In this study, the presence of malignant transformation has been confirmed by histology. There does not seem to be any published literature about malignant transformation surrounding iodine-125 implants used in Grade 2 gliomas. On follow-up imaging of patients with low grade gliomas with iodine-125 implants, areas of contrast enhancement around the implants should be further investigated. FDG PET scanning should be initially carried out to differentiate radiation necrosis versus local blood brain barrier disruption or malignant transformation. If there is increased uptake of radioisotope in the areas of contrast enhancement, this should not be attributed solely to disruption of the local blood brain barrier. A low threshold for biopsy or resection of these areas of enhancement should be advocated to confirm histological diagnosis. Further studies in this area may be beneficial in determining if the rate of GBM transformation in previously known low-grade tumours is higher if radioactive iodine implants are used.

Conclusions

Patients with permanent iodine-125 interstitial implants for low-grade gliomas should be followed up with serial CT or MRI imaging. If increased contrast enhancement or uptake is noted around these beads, the use of FDG PET imaging should be considered as it may reliably distinguish malignant transformation from less serious entities. A low threshold for biopsy or resection of these areas of enhancement should be advocated to confirm histological diagnosis. Further studies may be useful in comparing rates of malignant transformation around these beads with normal malignant progression of a low-grade glioma.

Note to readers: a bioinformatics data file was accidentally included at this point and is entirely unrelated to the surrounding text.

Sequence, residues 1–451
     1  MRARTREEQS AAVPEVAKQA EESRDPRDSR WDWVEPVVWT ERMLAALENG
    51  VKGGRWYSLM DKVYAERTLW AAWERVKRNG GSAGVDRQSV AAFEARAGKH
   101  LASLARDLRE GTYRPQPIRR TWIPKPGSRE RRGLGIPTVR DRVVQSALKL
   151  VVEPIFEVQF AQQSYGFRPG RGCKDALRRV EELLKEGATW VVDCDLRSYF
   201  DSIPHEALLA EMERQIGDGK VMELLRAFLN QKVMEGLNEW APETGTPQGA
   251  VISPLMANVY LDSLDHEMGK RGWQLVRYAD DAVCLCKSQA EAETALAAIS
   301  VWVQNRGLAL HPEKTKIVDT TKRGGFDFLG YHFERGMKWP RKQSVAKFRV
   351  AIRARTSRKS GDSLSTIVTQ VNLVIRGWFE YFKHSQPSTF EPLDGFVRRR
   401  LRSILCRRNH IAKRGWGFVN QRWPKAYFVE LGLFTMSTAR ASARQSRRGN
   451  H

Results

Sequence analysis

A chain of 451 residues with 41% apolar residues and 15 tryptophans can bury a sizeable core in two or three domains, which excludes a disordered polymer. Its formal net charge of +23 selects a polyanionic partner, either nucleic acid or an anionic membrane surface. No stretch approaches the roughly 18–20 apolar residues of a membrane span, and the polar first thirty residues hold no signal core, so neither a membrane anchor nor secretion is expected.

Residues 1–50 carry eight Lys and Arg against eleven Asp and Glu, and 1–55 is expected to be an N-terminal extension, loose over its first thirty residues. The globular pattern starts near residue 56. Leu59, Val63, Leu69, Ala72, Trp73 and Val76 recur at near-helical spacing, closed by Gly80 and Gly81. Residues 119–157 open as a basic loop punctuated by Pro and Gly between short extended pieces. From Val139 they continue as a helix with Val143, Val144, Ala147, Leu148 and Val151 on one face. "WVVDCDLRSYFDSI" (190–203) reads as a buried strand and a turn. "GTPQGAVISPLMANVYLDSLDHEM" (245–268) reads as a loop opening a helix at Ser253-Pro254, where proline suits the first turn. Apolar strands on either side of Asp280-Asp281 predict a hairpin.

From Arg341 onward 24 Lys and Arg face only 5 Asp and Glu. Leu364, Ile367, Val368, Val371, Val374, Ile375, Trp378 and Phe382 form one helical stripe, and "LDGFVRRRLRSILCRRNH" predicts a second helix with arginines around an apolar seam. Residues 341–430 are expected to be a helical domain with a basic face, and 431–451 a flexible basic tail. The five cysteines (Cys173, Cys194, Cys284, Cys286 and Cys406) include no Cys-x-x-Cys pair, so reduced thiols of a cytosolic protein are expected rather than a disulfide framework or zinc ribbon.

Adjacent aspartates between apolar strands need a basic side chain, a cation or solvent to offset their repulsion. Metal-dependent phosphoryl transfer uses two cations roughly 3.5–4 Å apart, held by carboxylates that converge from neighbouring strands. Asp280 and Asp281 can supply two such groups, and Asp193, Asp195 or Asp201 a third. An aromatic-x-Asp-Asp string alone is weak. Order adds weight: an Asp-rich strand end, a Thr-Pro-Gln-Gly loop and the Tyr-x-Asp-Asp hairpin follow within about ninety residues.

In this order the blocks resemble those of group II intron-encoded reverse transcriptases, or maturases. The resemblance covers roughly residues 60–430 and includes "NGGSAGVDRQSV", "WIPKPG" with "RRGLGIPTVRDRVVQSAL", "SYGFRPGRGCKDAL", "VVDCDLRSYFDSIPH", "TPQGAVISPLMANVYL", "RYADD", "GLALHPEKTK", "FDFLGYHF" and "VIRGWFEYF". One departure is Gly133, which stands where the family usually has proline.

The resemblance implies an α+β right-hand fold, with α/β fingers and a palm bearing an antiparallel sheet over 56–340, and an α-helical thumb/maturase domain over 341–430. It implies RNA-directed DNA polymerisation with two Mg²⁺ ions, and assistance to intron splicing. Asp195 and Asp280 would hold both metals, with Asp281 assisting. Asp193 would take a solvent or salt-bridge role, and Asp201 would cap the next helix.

References

  1. Nag S: Radioactive Iodine-125 Implantation for Cancer of the Prostate. The Prostate. 1985, 6:293-301.
  2. Shields CL, Shields JA, Cater J, et al: Plaque radiotherapy for retinoblastoma: long-term tumor control and treatment complications in 208 tumors. Ophthalmology. 2001, 108:2116-21.
  3. Lee W, Daly BDT, DiPetrillo TA, et al: Limited Resection for Non-Small Cell Lung Cancer: Observed Local Control with Implantation of I-125 Brachytherapy Seeds. Ann Thorac Surg. 2003, 75:237-43.
  4. Schulder M, Black PM, Shrieve D, et al: Permanent low-activity iodine-125 implants for cerebral metastases. J Neurooncol. 1997, 33:213-21.
  5. Zunkeler B, Carson R, Olson J, et al.: Quantification and Pharmacokinetics of Blood Brain Barrier Disruption in Humans. J Neurosurg. 1996, 85:1056-65.
  6. Patel S, Breneman JC, Warnick RE, et al: Permanent Iodine-125 Interstitial Implants for the Treatment of Recurrent Glioblastoma Multiforme. Neurosurg. 2000, 46:1123-30.
  7. Ruge MI, Simon T, Suchorska B, et al: Stereotactic Brachytherapy with Iodine-125 Seeds for the Treatment of Inoperable Low-Grade Gliomas in Children : Long-Term Outcome. J Clin Oncol. 2011, 29:4151-59.
Case report
peer-reviewed

Malignant Transformation Surrounding Iodine-125 Beads after Treatment of a Low-Grade Glioma


Author Information

Abel Devadass Corresponding Author

Queen's University of Belfast

Kelvin Woon

Department of Neurosurgery, Wellington Regional Hospital

Diane Kenwright

Department of Anatomical Pathology, Wellington Regional Hospital, Department of Anatomical Pathology, Wellington Regional Hospital


Ethics Statement and Conflict of Interest Disclosures

Human subjects: Consent was obtained by all participants in this study. Conflicts of interest: In compliance with the ICMJE uniform disclosure form, all authors declare the following: Payment/services info: All authors have declared that no financial support was received from any organization for the submitted work. Financial relationships: All authors have declared that they have no financial relationships at present or within the previous three years with any organizations that might have an interest in the submitted work. Other relationships: All authors have declared that there are no other relationships or activities that could appear to have influenced the submitted work.


Case report
peer-reviewed

Malignant Transformation Surrounding Iodine-125 Beads after Treatment of a Low-Grade Glioma